Chelsea are taking a huge punt on Frank Lampard. For all we know, he could be a new Pep Guardiola or Zinedine Zidane, but has the heart ruled the head in appointing a man with precisely one year's managerial experience and it being in the second tier of English football?
For now, the fans, who never took to Maurizio Sarri, will celebrate the appointment of "one of their own." In their minds, the bright and articulate Lampard is rightly a much-loved club icon after 649 appearances and, among many trophies, three Premier League titles as a player. He will start with a billion-point credit rating, and a lot will have to go wrong before anyone will think about grumbling.
Not only that, but the 41-year-old former England midfielder will start with one big advantage over recent predecessors because expectation levels at Stamford Bridge will not be so high this season. Eden Hazard's departure and a ban on transfers for two windows (though the club have appealed) could leave Chelsea struggling to deliver their usual silverware. A top-four finish and some entertaining football will probably be seen as a success, but even that will be no formality with the likes of Wolves, Everton, Leicester and possibly West Ham developing ambitions to gate-crash the usual top-six party.
What happens if, come Christmas, Chelsea cannot deliver the kind of results the supporters have grown used to in this trophy-laden era? Football fans being the fickle bunch they are, it isn't difficult to imagine a scenario in which a few start to question the wisdom of appointing a rookie manager, no matter how popular a player.
America's shining star, Christian Pulisic, whose transfer was agreed back in January and well before the ban, has big boots to fill in this changed environment. The signs are that Lampard, who came close to getting Derby promoted in his debut season, loves creative attacking players, which means Pulisic is likely to get every chance to shine. But he will be battling for a place with Pedro, Willian and, when fit again, the exciting youngster Callum Hudson-Odoi. Even with the transfer ban in place, the new manager inherits a gifted Chelsea squad, with most of those who finished third and won the Europa League last season still around.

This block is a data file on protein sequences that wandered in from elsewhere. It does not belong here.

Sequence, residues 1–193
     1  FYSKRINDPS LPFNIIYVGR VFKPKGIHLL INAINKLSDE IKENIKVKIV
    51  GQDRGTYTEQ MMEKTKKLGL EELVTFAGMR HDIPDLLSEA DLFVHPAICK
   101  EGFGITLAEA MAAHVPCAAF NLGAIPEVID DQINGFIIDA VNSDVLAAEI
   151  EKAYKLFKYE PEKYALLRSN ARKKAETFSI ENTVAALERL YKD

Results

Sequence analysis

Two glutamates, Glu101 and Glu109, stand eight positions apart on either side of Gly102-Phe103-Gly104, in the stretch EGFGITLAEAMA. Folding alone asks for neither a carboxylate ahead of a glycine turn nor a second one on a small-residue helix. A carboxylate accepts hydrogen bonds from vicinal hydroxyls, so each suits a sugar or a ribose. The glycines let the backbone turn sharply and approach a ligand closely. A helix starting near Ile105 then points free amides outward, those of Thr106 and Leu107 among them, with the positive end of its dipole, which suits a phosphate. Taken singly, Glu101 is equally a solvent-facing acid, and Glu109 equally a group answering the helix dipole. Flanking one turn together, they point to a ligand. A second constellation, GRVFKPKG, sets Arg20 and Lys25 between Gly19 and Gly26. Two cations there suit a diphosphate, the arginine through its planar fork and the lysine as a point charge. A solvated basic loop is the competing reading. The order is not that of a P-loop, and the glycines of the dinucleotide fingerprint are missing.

How he manages to replace the goals, creativity and threat of Hazard will be the key issue. It will not be easy because the Belgium international is among the top five attackers on the planet, and Premier League observers often wondered what Chelsea would be without him. We are about to find out.
Lampard and his assistant, Jody Morris, who has coached in the Blues' academy, know how this sometimes-turbulent club rolls. Nothing much will surprise them. They will also know only too well the immense power wielded by Roman Abramovich's supremo-on-site, Marina Granovskaia, who can be a hard taskmaster.
Lampard is clever and a good frontman, adept already at handling the media, yet he will be pushed to his limits when his managerial talents are compared tactically to the likes of Guardiola, Jurgen Klopp and Maurizio Pochettino. How he fares will be one of the season's most compelling plotlines.